Rewordable is the result of a computer-aided game design process, using both computational analysis and extensive in-person playtesting. We made a computer simulation capable of playing thousands of Rewordable rounds in seconds, and then fed it a variety of decks based on the most common and most widely distributed one-, two- and three-letter sequences in English. The simulation told us how often each sequence was used across the simulated rounds – which helped us to reason about which cards worked well with each other and which were less useful.
Rewordable is a game for 2-8 players that uses a custom-designed 120-card deck of one-, two- and three-letter sequences. The goal of the game is to have the biggest lexicon of words at the end of the round. Players take turns making words, using at least one card from their hand. Players may also add onto their own already constructed words, or steal words from other players, optionally using cards from a common pool. Sixteen “Rewardable” tokens also rotate into play during the game, giving players a changing set of goals, potential strategies, and bonuses every turn. Each round uses a random subset of 60 cards from the deck, ensuring a fresh linguistic experience from one game to the next.
The tokens for bonuses are nice and cards are a good quality, but small. Before I played the game I was not a fan of the small cards, however, as time went on it became apparent that it was very necessary to have smaller cards. As you are building words the real estate in front of you gets taken up rather quickly. I yield to the smaller card.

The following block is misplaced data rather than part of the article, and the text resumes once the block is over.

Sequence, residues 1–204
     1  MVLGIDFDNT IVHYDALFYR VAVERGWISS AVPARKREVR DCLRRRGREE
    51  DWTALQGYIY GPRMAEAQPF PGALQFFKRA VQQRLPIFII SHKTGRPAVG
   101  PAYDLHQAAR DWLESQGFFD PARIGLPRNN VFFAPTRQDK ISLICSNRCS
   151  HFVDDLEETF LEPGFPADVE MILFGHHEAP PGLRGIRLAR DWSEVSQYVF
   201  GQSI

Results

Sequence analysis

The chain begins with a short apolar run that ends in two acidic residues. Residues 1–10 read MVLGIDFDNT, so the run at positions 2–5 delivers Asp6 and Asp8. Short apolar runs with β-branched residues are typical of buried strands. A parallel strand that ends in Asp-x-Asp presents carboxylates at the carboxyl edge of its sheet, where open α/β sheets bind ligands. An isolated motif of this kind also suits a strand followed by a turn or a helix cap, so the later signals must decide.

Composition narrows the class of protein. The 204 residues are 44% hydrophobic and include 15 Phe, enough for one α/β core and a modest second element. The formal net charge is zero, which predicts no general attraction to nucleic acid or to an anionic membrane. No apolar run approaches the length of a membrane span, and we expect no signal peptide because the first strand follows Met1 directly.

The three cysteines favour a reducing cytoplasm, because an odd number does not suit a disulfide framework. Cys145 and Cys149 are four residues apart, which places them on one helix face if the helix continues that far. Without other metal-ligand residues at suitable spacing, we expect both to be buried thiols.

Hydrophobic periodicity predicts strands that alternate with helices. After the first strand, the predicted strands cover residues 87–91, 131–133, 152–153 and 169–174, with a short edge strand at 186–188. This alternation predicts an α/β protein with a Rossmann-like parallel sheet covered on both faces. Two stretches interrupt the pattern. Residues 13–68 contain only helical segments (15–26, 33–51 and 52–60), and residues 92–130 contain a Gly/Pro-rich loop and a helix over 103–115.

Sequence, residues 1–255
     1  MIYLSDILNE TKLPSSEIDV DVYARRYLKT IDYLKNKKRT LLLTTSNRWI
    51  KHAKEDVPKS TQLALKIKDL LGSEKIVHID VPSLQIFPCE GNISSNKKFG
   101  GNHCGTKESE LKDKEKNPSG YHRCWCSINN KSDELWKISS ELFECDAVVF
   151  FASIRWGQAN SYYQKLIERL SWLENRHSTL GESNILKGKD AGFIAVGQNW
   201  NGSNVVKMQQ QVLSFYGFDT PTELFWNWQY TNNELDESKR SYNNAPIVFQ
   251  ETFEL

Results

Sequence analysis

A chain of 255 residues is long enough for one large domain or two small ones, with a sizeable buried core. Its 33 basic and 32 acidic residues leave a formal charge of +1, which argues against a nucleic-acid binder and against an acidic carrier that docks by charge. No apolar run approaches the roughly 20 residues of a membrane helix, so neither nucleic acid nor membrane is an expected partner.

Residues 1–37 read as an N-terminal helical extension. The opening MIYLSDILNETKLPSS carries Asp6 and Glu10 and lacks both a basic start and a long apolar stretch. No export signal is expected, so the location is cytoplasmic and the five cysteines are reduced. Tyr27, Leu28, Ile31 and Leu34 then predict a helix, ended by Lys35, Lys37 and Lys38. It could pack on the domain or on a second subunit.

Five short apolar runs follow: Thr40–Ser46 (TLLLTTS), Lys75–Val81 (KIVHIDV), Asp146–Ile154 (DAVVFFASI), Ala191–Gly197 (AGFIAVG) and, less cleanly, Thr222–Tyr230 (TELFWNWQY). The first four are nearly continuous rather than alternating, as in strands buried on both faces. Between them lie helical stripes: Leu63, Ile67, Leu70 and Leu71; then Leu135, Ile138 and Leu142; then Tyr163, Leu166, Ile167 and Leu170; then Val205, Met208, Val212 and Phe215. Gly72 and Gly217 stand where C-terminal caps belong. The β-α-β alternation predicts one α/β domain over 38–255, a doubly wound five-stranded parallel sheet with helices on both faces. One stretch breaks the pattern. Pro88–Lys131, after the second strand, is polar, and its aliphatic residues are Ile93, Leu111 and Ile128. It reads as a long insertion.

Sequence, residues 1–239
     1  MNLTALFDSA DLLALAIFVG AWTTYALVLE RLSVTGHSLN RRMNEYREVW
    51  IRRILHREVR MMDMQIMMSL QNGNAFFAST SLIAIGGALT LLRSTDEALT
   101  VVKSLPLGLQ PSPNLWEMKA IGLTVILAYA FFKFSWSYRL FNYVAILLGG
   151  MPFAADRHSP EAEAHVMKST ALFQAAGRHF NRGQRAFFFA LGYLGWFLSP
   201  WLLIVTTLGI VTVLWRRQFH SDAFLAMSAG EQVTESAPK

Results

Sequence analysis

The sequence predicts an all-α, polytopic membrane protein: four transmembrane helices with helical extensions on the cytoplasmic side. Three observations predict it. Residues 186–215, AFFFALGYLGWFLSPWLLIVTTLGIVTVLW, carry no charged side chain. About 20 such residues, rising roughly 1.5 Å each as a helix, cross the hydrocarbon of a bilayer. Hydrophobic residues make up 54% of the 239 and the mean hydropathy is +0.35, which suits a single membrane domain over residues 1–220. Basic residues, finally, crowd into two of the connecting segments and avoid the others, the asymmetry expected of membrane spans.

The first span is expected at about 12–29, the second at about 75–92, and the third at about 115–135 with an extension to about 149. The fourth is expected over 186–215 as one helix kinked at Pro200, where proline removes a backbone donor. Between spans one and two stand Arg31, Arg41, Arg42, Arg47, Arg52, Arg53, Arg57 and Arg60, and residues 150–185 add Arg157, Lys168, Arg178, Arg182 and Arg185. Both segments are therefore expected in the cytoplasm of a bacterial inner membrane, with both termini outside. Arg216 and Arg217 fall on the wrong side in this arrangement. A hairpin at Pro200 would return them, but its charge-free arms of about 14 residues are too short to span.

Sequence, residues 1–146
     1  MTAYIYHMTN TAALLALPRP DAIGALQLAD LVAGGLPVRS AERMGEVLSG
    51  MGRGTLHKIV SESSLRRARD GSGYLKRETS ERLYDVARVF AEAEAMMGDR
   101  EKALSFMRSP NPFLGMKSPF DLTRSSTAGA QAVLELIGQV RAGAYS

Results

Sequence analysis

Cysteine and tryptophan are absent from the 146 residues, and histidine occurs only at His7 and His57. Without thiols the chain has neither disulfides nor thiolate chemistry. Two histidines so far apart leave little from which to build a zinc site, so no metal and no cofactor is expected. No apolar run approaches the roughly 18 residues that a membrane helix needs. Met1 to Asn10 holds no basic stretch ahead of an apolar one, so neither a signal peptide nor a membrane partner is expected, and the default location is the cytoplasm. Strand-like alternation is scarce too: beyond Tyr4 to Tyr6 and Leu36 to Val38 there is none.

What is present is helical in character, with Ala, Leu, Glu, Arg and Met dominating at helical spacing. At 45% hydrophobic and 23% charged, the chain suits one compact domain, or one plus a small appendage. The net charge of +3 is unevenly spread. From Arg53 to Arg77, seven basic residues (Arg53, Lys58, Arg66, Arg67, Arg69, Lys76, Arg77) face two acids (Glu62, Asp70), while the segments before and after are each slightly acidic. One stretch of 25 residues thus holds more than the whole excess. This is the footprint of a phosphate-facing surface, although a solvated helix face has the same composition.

What initially drew me to this game was that a computer-aided in the development of the game. At times the tokens seem to be very difficult to obtain but they are randomly drawn so it's just how it goes. The reason this game has hit the table so many times for me is the steal. I gain a certain amount of pleasure from stealing a word by adding letters to the middle of a word. Now I did install a house rule that you could "mulligan" you hand back into the deck and then shuffle and draw five new cards (at the cost of your turn) if you felt you could not spell anything or anything you liked (Or if you could not spell anything or liked). If you have friends that suffer from analysis paralysis you may need to add a sand timer to the game, but aside from that I really enjoyed this light word game. it's a game for scrabble veterans or novice word game fans.
The Gentlemen Blogger
Jim is a lifelong gamer. He will play any game at least once. You will see a wide variance in the games he reviews.
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